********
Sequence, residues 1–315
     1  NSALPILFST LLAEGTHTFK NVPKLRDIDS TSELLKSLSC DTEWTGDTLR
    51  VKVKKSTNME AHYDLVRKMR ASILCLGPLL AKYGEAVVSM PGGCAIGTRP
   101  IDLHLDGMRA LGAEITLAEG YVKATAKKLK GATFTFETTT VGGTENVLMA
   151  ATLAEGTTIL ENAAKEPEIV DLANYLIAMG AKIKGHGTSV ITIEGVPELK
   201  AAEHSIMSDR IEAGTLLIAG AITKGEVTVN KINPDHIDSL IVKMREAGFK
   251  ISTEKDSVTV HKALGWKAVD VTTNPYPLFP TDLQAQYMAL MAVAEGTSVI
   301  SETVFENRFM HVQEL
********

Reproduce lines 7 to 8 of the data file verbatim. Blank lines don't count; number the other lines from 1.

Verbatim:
   251  ISTEKDSVTV HKALGWKAVD VTTNPYPLFP TDLQAQYMAL MAVAEGTSVI
   301  SETVFENRFM HVQEL